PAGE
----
'Rocketry: The Nambi Effect' is a biographical drama film. The movie releases in theatres on July 1 in multiple languages.
The year is 2018. Former ISRO scientist Nambi Narayanan (played by R Madhavan) is ready to be interviewed by a celebrity (actor Suriya plays himself). As the interview starts, the former scientist narrates his journey from the early days of being a scientist at ISRO.
The segment where Nambi narrates how he and five others were falsely accused of espionage and transferring rocket technology to Pakistan is the core of the film.
The first half is more about Nambi's stellar achievements at ISRO and how he worked hard to pull off ISRO's cryogenic rocket engine project. The second half is about how his and his family members' life turned upside down when he was charged with violating India's official secrets law.
Madhavan's performance is effective and moving. He effortlessly manages to make us feel sympathetic towards Nambi's travails when he had to fight a fabricated case hoisted on him by the system. The scenes where he undergoes torture and trauma couldn't have come out so well but for Madhavan's superb acting.
Suriya deserves a pat on the back for supporting a movie of this sort. The Hindi version has Shah Rukh Khan as the interviewer. Simran, seen as Nambi's wife Meena Narayanan, delivers a touching performance in the second half. Ravi Raghavendra as Vikram Sarabhai, Sam Mohan as Unni, Sriram Parthasarathy as Barry Amaldev, and Vincent Riotta as Crocco fit the bill.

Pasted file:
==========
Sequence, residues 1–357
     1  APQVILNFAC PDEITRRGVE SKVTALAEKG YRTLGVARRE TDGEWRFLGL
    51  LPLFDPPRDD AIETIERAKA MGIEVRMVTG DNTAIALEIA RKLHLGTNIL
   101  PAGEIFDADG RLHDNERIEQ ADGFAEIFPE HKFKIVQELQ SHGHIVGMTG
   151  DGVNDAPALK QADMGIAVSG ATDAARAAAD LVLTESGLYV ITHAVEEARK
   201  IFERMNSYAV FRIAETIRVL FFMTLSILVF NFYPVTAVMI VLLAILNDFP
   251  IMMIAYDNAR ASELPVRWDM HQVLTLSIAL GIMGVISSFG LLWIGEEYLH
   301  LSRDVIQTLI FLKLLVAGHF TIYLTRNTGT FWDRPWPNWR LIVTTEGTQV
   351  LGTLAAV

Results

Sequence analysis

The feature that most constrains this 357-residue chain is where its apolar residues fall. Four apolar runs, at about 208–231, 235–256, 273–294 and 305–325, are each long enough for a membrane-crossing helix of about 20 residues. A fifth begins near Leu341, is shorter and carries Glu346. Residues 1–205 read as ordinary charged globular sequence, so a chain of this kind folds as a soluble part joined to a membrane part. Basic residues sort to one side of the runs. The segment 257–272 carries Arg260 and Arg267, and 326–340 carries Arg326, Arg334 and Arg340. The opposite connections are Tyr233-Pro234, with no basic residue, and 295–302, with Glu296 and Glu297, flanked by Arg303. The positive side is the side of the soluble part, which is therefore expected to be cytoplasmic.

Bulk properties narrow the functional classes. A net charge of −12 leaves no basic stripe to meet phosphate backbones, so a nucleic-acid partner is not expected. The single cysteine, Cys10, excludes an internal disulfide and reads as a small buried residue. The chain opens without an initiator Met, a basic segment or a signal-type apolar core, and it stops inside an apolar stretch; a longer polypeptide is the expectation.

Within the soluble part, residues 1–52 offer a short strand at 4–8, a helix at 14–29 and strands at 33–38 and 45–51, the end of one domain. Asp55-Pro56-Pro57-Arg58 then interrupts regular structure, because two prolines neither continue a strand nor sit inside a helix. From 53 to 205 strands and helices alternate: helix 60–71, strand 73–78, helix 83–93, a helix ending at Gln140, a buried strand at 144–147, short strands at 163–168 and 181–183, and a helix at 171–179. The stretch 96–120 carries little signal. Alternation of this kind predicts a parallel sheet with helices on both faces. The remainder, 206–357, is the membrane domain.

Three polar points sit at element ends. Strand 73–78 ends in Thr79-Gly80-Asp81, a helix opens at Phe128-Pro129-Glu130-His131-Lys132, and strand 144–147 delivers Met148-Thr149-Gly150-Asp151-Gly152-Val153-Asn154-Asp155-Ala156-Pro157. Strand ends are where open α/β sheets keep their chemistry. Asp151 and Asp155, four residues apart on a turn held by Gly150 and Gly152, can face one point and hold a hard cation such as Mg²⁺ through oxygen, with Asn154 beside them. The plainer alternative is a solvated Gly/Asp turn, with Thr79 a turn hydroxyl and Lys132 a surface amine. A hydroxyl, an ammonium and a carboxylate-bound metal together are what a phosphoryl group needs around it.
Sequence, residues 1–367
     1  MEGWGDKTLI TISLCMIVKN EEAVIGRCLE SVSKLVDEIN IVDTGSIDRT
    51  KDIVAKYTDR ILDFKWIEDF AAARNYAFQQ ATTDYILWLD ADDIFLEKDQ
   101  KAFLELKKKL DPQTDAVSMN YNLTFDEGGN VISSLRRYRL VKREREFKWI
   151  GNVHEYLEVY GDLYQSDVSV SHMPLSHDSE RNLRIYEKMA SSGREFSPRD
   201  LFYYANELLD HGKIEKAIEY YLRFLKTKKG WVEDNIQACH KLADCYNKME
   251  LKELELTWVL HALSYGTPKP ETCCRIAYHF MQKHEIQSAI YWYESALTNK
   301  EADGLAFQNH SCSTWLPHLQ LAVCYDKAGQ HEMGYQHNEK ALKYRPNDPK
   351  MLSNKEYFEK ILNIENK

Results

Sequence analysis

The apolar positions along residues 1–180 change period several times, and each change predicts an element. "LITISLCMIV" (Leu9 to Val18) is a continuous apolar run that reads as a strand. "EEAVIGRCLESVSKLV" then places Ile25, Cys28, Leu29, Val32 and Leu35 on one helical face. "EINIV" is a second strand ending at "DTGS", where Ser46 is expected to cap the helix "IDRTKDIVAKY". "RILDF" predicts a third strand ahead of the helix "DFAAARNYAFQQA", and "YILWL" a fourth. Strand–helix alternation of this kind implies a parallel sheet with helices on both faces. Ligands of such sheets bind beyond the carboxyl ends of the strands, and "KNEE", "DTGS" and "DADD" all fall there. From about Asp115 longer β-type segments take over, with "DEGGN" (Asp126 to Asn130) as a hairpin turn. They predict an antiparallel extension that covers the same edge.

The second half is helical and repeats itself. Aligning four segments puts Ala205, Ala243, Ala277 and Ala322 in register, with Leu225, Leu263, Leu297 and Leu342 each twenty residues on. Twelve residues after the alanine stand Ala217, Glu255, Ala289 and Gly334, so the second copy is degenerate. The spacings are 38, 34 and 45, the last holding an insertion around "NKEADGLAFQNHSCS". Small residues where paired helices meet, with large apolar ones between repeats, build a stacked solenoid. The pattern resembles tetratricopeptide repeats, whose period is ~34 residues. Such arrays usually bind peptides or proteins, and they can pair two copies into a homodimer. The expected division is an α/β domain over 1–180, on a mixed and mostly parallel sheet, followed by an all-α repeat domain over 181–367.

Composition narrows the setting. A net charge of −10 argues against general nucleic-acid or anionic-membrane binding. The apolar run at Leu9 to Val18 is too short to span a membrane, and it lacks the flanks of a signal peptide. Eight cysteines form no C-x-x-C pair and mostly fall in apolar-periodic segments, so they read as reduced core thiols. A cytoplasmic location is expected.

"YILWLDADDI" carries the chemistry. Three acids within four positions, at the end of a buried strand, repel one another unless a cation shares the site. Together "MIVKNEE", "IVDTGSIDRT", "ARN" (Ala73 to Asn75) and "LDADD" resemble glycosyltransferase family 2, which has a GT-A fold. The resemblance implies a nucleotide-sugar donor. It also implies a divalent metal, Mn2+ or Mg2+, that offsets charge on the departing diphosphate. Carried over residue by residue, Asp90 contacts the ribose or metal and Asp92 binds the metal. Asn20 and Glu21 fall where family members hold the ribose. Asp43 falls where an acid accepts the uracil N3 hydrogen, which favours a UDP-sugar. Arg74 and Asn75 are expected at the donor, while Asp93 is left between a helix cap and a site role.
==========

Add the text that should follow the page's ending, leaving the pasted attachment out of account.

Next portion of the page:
Sam CS' background music is minimalistic. The second half has effective BGM but the first half has inadequate work. Sirsha Ray's cinematography is decent. Bijith Bala's editing is fine.
Writer-director Madhavan makes a gripping second half where the plotting is restrained and yet hits the right notes. It is devoid of technical jargon and all, something the first half couldn't have avoided. A film about a scientist had to borrow from scientific lingo to look authentic.
Nambi's tryst with Vikram Sarabhai, Satish Dhawan, and Abdul Kalam have been well-narrated without much drama. The film is essentially a no-frills drama that doesn't obsess itself about grandeur.
The mood changes in the second half once Nambi is arrested in a humiliating fashion. When the two Maldives nationals named Mariyam Rasheeda and Fousiya Hasan are brought into the picture, the audience is as clueless as Nambi. How the scientist came to be framed in an espionage case remains a mystery to this day. Recently, Nambi said that the US was involved in the deplorable attempt to end his career so that India's cryogenic mission doesn't take off.
The second hour holds the audience's attention with its sincere story-telling and A-class performances. The scene where Nambi tells his wife about the Supreme Court acquitting him is stunningly good.
At about 150 minutes, 'Rocketry' is not over-indulgent. Its focused narration gives way to a dramatic climax where Nambi makes an unexpected appearance.
'Rocketry' makes for an emotional watch. The biographical drama deserves a pat on the back!